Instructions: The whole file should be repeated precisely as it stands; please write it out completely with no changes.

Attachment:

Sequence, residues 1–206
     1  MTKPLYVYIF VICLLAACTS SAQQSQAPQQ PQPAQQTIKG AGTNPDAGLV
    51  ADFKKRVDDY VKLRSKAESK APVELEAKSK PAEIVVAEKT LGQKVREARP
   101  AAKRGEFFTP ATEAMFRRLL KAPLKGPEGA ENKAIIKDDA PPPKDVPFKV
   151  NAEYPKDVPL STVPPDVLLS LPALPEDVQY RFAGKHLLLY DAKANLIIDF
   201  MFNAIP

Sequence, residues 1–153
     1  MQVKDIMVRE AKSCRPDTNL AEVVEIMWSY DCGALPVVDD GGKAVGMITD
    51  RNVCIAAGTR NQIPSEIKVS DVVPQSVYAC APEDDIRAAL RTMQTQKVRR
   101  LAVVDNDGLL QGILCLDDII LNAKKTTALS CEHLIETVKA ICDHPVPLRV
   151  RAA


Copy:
Sequence, residues 1–206
     1  MTKPLYVYIF VICLLAACTS SAQQSQAPQQ PQPAQQTIKG AGTNPDAGLV
    51  ADFKKRVDDY VKLRSKAESK APVELEAKSK PAEIVVAEKT LGQKVREARP
   101  AAKRGEFFTP ATEAMFRRLL KAPLKGPEGA ENKAIIKDDA PPPKDVPFKV
   151  NAEYPKDVPL STVPPDVLLS LPALPEDVQY RFAGKHLLLY DAKANLIIDF
   201  MFNAIP

Sequence, residues 1–153
     1  MQVKDIMVRE AKSCRPDTNL AEVVEIMWSY DCGALPVVDD GGKAVGMITD
    51  RNVCIAAGTR NQIPSEIKVS DVVPQSVYAC APEDDIRAAL RTMQTQKVRR
   101  LAVVDNDGLL QGILCLDDII LNAKKTTALS CEHLIETVKA ICDHPVPLRV
   151  RAA